Deep into the gruesome, action-packed, explosion-filled and convoluted mess that is “Mile 22,” somebody throws a quiet verbal jab in the direction of Mark Wahlberg’s black ops specialist, James Silva.
Silva takes a beat. What did that guy just say?
It’s almost as if our anti-hero has absorbed such a pounding, taken such a pummeling, been knocked around so much, he’s virtually numb to whatever happens next.
We know how he feels.
“Mile 22” is the fourth collaboration in recent years between director Peter Berg, who really knows how to shoot kinetic, fast-paced action scenes as well as rapid-cut hand-to-hand combat sequences, and Wahlberg, who of course really knows how to carry such movies.
“Lone Survivor” (2013), “Deepwater Horizon” (2016) and “Patriots Day” (2016) were all inspired by true stories, and though one might have occasionally winced at the notion of real-life tragedies being turned into vehicles for Mark Wahlberg action movies, all three films were solid efforts, made with respect for the actual heroes.
Now comes the purely fictional CIA thriller “Mile 22,” and though it crackles with energy and has some impressive albeit gratuitously bloody kill sequences, the Big Picture plot is a dud, up to and including the preposterous final scenes.
As the body count piles up and various characters get shot, stabbed, kicked, punched, bludgeoned and otherwise reduced to a pulp, our emotional investment in the (relatively) good guys remains at a minimum, because we know so little about them. This film plays like a live-action video game crossed with an overwritten screenplay in which characters occasionally take a break from the action to rattle off super-speedy, tongue-twisting dialogue that was probably a lot more fun for the actors to deliver than it is for us to withstand.
Wahlberg’s Silva, we’re told, was a hyperactive, super-intelligent, overly aggressive kid, prone to outbursts. If that’s not baggage enough, as a young boy he was the lone survivor of a terrible accident that wiped out the rest of his family.
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When Silva was a kid, a therapist gave him a rubber band and told him to snap his wrist every time his mind started moving too quickly and he could feel his temper heating up.
Some 30 years later, Silva is still regularly snapping the rubber band — which leads us to believe maybe that little technique didn’t quite do the trick.
Silva is the leader of an elite band of CIA paramilitary operatives who don’t officially exist. (Gee, there’s an original concept.) His team includes Alice (Lauren Cohan from “The Walking Dead”), a divorced mother with a young daughter, and also Sam (Ronda Rousey) and couple of dudes, and I can’t tell you anything more about Sam or those dudes because the movie doesn’t tell us anything about them.
To say Silva believes in tough love is to understate the matter. His primary means of motivation is to scream like a maniac in the face of subordinates, while rattling off historical facts like a human Wikipedia. When one of his team members gets shot, he tells him to suck it up and get tough.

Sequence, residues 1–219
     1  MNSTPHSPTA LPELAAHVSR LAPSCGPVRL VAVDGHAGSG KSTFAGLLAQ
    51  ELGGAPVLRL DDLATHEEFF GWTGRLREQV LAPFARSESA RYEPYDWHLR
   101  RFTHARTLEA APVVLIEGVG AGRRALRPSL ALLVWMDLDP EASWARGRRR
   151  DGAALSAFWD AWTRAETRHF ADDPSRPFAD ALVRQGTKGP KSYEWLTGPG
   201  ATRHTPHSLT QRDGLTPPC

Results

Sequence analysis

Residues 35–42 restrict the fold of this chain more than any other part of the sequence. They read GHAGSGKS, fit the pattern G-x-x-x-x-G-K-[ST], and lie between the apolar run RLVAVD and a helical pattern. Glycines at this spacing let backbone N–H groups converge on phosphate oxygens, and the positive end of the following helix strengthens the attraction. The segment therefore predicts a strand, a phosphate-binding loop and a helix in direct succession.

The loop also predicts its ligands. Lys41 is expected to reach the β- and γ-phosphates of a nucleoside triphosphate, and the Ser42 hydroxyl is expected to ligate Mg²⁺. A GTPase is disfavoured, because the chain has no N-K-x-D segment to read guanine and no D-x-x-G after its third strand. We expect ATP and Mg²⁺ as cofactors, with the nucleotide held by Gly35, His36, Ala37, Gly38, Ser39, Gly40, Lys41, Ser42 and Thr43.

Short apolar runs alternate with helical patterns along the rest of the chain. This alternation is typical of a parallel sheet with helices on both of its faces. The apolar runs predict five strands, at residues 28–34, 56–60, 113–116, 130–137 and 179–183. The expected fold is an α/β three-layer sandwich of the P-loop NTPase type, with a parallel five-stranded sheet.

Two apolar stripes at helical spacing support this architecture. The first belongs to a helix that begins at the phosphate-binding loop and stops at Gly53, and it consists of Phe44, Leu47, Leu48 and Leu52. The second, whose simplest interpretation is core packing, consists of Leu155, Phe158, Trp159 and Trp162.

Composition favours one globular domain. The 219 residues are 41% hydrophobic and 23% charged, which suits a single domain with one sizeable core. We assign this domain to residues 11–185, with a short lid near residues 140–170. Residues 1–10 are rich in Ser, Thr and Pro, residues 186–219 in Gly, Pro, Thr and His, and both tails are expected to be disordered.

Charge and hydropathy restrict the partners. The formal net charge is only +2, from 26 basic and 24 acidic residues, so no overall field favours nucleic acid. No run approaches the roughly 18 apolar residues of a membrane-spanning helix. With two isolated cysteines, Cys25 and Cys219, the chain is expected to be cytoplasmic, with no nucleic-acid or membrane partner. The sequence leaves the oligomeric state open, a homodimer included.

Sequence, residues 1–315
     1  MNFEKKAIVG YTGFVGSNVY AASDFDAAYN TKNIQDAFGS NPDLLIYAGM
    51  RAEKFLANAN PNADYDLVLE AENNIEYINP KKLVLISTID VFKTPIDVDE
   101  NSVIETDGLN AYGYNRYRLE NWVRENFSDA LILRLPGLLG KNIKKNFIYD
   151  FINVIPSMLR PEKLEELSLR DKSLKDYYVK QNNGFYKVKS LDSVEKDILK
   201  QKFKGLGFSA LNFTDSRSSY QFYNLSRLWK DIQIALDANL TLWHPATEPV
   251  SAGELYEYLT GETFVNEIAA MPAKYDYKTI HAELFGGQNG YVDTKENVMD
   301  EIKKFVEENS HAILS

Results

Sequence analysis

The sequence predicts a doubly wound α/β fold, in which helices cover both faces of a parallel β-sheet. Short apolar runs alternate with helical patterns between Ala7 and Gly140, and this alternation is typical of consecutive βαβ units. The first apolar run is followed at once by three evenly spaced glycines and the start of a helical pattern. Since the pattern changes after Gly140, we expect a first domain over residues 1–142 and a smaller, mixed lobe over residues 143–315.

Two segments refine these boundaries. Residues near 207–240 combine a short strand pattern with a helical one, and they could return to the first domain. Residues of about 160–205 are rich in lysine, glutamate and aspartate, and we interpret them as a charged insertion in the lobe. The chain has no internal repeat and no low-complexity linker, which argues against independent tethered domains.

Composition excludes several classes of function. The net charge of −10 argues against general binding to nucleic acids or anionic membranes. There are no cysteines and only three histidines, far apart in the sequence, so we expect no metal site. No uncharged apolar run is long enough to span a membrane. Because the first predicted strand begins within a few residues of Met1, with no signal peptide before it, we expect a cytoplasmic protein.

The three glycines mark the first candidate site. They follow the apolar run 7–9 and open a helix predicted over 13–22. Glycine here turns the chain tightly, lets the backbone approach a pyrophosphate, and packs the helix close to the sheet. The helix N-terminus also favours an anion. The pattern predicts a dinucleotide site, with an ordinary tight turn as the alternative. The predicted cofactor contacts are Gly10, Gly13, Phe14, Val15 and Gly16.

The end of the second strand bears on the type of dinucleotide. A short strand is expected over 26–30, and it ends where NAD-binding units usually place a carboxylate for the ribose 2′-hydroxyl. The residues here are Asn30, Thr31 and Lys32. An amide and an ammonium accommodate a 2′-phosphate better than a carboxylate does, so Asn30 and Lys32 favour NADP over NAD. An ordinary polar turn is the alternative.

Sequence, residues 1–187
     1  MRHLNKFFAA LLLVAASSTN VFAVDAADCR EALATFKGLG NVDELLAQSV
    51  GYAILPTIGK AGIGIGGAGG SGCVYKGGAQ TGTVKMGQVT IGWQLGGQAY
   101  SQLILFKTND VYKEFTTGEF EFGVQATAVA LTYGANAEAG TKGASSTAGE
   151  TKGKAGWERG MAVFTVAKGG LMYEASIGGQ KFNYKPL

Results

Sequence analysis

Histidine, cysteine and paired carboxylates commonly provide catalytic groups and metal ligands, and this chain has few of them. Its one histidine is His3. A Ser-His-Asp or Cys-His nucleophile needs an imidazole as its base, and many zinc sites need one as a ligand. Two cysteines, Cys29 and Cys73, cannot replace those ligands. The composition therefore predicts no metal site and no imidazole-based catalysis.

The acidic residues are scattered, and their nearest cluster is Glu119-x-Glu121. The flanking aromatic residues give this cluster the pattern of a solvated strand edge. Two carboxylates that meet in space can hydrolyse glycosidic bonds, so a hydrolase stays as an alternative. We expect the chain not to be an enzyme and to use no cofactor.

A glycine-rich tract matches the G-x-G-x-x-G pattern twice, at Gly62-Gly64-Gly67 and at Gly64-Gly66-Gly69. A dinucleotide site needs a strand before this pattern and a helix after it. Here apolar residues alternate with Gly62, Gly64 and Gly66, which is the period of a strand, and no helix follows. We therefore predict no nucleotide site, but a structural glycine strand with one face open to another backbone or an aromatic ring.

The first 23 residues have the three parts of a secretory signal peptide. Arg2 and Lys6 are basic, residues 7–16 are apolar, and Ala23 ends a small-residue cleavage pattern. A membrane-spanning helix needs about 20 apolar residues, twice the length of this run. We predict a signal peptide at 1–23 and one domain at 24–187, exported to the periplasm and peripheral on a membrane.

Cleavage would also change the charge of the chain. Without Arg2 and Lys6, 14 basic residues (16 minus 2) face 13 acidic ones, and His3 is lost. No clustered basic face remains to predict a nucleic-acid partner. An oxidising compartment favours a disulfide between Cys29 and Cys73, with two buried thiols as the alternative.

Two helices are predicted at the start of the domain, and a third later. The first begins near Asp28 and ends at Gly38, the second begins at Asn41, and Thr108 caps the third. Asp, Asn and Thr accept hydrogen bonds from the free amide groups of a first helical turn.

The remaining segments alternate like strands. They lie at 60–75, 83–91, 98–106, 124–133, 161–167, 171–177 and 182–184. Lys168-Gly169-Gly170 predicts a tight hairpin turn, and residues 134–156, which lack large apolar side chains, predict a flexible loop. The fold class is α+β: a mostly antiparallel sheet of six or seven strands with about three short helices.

Hmmm, maybe Silva isn’t the right guy to lead a team of off-the-grid CIA operatives on high-level missions with tens of millions of lives at stake. This guy makes the likes of Ethan Hunt, Jason Bourne and James Bond look like very stable geniuses.
The “Mile 22” of the title refers to a 22-mile route in a war-torn Southeast Asia country that Silva and team must navigate in order to safely transport one Li Noor (Iko Uwais), a valuable asset who will only reveal the code to an all-important file (there’s always an all-important file) once he’s on a plane bound for America. Get him to safety, and THEN he’ll give you the code! But not before that!
Of course, there’s a seemingly endless supply of Anonymous, Well-Armed Henchmen in cars and on motorcycles and on foot nearly every mile along the way, doing their bloody best to kill Team Silva and that human asset.
I liked Iko Uwais as the asset, Li Noor. Even when he’s in handcuffs, he’s a fantastically creative fighter, capable of taking down growling, snarling villains two at a time.
Oh, and we’d be remiss if we didn’t mention Silva’s supervisors — not one but two Steppenwolf legends. Terry Kinney plays Porter, who interacts with Silva in person, and John Malkovich is Bishop, who (along with his team of computer geniuses) oversees every mission from a remote locale. They’re both great, as usual, spinning their lines with the same creativity and energy they’d employ if they were in a much better film.
STXfilms presents a film directed by Peter Berg and written by Lea Carpenter. Rated R (for strong violence and language throughout). Running time: 94 minutes. Opens Friday at local theaters.